Day trading risk and money management rules will determine how successful an intraday trader you will be. Whilst you do not have to follow these risk management rules to the letter, they have proved invaluable for many.
1% Risk Rule
The idea is to prevent you ever trading more than you can afford. Using this technique, regardless of how wrong a trade goes, you’ll always have more in the bank to rectify your balance at a later date.
The idea is simply that you never trade more than 1% of your account on a single trade. So, if you have $50,000 in your account, you’d trade up to $500 on a single trade.
Why Use It?
You’d have to lose 100 trades in a row to clear your entire balance. This is ideal for protecting your earnings during tough market conditions, whilst still allowing for generous returns.
On the returns side, you may be worried that you’ll never turn enough profit trading so little. But you certainly can. If you risk 1% your profit expectation should be around 1.5% – 2%.
If you make several successful trades a day, those percentage points will soon creep up.
It’s an ideal system for beginners. Whilst you learn through trial and error, losses can come thick and fast. This system will keep you in the game until you’re a trading veteran armed with effective techniques for turning intraday profit.
Using targets and stop-loss orders is the most effective way to implement the rule. Let’s say you want to buy a stock for $20 and you have $40,000 in your account. On your chart, you may see the price recently experienced a short-term swing low at $19.90. You’d place your stop-loss at $19.89, one percent below the recent low.
With your stop-loss in place, you can work out how many shares you can trade without losing over 1% of your account. So, you’d do 1% of $40,000 which is $400. This is your account risk. Your trade risk is $0.11, the difference between your entry price and stop-loss.
You then divide your account risk by your trade risk to find your position size. So, $400/$0.11 = 3636 shares. You could then round this down to 3,600. You now enter your position safe in the knowledge that your maximum loss will be just 1% of your balance.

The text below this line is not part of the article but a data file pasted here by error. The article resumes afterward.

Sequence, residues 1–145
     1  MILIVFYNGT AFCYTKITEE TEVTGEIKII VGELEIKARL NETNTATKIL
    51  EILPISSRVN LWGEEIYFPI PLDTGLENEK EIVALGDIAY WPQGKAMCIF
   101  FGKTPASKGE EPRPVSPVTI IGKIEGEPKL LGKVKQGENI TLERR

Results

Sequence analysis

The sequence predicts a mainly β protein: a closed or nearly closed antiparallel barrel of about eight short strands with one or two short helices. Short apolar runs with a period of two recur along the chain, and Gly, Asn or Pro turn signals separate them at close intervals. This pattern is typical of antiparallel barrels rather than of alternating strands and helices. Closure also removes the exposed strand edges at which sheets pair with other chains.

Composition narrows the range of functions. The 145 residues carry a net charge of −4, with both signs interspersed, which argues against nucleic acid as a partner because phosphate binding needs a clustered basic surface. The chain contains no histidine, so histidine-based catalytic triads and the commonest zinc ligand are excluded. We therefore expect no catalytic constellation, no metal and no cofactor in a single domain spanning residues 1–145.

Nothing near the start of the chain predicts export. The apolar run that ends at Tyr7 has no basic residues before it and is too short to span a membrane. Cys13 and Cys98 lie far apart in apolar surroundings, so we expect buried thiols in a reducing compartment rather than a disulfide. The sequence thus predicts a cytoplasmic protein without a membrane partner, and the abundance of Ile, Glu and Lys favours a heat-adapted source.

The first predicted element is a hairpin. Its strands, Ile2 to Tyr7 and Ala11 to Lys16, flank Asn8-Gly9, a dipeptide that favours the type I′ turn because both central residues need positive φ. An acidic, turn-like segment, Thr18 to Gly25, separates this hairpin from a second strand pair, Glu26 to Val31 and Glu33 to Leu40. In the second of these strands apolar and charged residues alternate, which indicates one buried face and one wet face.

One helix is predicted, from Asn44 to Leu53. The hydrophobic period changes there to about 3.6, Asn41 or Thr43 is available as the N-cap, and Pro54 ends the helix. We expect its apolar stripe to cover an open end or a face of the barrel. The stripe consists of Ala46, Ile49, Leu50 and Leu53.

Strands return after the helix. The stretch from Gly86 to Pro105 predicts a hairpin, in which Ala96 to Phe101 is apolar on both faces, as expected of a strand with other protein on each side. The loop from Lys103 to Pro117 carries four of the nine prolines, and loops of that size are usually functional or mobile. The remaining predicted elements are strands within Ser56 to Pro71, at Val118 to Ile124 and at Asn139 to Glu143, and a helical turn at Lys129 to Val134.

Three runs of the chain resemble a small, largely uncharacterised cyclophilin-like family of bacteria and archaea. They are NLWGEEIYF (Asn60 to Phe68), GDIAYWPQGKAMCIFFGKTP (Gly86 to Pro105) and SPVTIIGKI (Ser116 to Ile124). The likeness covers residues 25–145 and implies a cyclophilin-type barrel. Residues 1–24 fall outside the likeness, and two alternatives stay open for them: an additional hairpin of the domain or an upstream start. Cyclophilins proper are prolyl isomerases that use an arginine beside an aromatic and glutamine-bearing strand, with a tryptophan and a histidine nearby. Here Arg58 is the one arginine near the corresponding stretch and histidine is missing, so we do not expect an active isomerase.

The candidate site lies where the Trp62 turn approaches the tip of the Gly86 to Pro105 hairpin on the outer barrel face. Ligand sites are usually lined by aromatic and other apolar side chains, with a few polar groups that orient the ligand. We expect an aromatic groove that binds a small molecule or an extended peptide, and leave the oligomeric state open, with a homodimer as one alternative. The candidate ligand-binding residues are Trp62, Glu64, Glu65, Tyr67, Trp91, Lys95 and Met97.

Once you’ve established an effective technique you can amend your risk tolerance. You can up it to 1.5% or 2%. It’s also worth noting traders with over $100,000 in their account may want to risk less than 1% on a single trade, as even 1% losses could then be significant.
Ultimately, it’s about finding a point that’s comfortable for you and compliments your trading style.
Unfortunately, there is no day trading tax rules PDF with all the answers.
Instead, income tax rules will vary hugely depending on where you’re based and what you’re trading. Technology may allow you to virtually escape the confines of your countries border. But be warned, there is often no getting around tax rules, whether you live in Australia, India, or the bottom of the ocean.
Each country will impose different tax obligations. The consequences for not meeting those can be extremely costly. Day trading rules for the IRS will differ to those set out by the HMRC, for example.
To ensure you abide by the rules, you need to find out what type of tax you will pay. Will it be personal income tax, capital gains tax, business tax, etc? In addition, will you pay tax domestically and/or abroad?
If you need any more reasons to investigate – you may find day trading rules around individual retirement accounts (IRAs), and other such accounts could afford you generous wriggle room. So, it is in your interest to do your homework.
For more guidance, see our taxes page.
Intraday trading rules and regulations vary depending on where you’re trading, how you’re trading and what you’re trading. Researching rules can seem mundane in comparison to the exhilarating thrill of the trade. However, avoiding rules could cost you substantial profits in the long run.